VANEK SMITH: So, OK, that is the funding. So let's talk about the function. The queen, of course, is the head of state as opposed to Prime Minister Boris Johnson, who is the head of the U.K. government. A lot of people in Britain, of course, do not like Boris Johnson, and so they are very happy to have the queen represent the country to the wider world with her very distinctive royal brand.

LANGFITT: Do you think she's been a good steward of the brand?

MCCLURE: I think she's been an excellent steward of the brand. I think history will regard her as one of the most successful monarchs of all time.

LANGFITT: Her kids, though, they're another story. The divorce from Princess Diana still shadows Prince Charles 25 years later. His brother, Prince Andrew, was forced out of royal duties in 2019. A woman says she was forced to have sex with the prince back when she was 17, which he denies. All of this is connected to Andrew's friendship with the late sex offender Jeffrey Epstein.

MCCLURE: There have been an awful lot of scandals that have really diluted the brand, so if the rationale of the royal family is to be a model of good behavior, it hasn't done very well.

VANEK SMITH: Still, the polls show that most British people support the monarchy. Celebrity is part of the attraction.

LANGFITT: But, Stacey, the queen, of course, is not going to live forever, and people wonder if Prince Charles can keep the firm going after she's gone.

VANEK SMITH: And unlike Elizabeth, who became queen in her 20s, Charles is already 73.

LANGFITT: And, Stacey, there's one more worrisome indicator. The queen pulls considerably higher than the monarchy itself.

MCCLURE: People who aren't necessarily monarchists say, I'm a queenist (ph). People have been not supporting the monarchy. They've been supporting the queen. And so when she dies, there'll be an enormous void.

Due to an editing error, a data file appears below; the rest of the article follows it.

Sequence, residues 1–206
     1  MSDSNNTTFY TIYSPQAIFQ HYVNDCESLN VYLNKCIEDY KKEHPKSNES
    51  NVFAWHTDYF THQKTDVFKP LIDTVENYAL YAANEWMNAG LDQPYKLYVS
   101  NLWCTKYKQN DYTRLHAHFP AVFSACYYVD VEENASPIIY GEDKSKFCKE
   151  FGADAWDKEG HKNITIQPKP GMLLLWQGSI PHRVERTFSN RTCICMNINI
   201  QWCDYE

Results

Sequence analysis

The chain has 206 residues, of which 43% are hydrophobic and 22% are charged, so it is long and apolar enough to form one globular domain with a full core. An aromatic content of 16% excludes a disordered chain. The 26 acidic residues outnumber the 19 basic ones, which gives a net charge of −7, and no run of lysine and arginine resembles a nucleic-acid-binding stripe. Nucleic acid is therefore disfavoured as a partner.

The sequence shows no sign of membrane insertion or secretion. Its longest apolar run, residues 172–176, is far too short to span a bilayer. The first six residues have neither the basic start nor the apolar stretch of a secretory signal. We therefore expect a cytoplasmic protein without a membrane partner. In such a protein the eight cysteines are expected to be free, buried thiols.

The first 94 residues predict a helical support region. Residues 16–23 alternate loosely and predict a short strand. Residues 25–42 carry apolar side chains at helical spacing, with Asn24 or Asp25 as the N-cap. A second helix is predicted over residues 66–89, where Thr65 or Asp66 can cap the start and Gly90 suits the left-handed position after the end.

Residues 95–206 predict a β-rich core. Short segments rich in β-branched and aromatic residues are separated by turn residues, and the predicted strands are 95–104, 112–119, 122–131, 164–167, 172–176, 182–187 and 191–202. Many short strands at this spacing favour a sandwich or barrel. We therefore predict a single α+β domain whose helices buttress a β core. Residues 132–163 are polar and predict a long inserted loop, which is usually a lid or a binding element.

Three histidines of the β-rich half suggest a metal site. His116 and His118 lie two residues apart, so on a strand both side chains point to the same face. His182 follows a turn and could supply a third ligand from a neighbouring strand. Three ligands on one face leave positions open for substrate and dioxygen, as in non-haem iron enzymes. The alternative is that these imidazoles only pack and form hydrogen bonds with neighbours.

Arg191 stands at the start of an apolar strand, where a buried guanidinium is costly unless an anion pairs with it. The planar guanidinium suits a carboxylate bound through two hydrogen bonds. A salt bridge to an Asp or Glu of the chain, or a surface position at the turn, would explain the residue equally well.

LANGFITT: What are you - a monarchist, a queenist, neither?

MCCLURE: I don't have a corgi in the fight.

VANEK SMITH: A corgi in the fight - The queen loves corgis.

LANGFITT: Her favorite animals, along with horses.

VANEK SMITH: So, Frank, this brings up the question, can the monarchy survive after the queen is gone?

LANGFITT: I think in the short run, the answer is yes, but so much hinges on Charles and how he handles the job of king. I mean, let's face it, if the firm really were a normal business, it wouldn't choose someone like Charles to save the brand.

VANEK SMITH: Stacey Vanek Smith.

LANGFITT: Frank Langfitt, NPR News, London.

(SOUNDBITE OF POPPY ACKROYD'S "TIME") Transcript provided by NPR, Copyright NPR.

Stacey Vanek Smith is the co-host of NPR's The Indicator from Planet Money. She's also a correspondent for Planet Money, where she covers business and economics. In this role, Smith has followed economic stories down the muddy back roads of Oklahoma to buy 100 barrels of oil; she's traveled to Pune, India, to track down the man who pitched the country's dramatic currency devaluation to the prime minister; and she's spoken with a North Korean woman who made a small fortune smuggling artificial sweetener in from China.
Frank Langfitt is NPR's London correspondent. He covers the UK and Ireland, as well as stories elsewhere in Europe.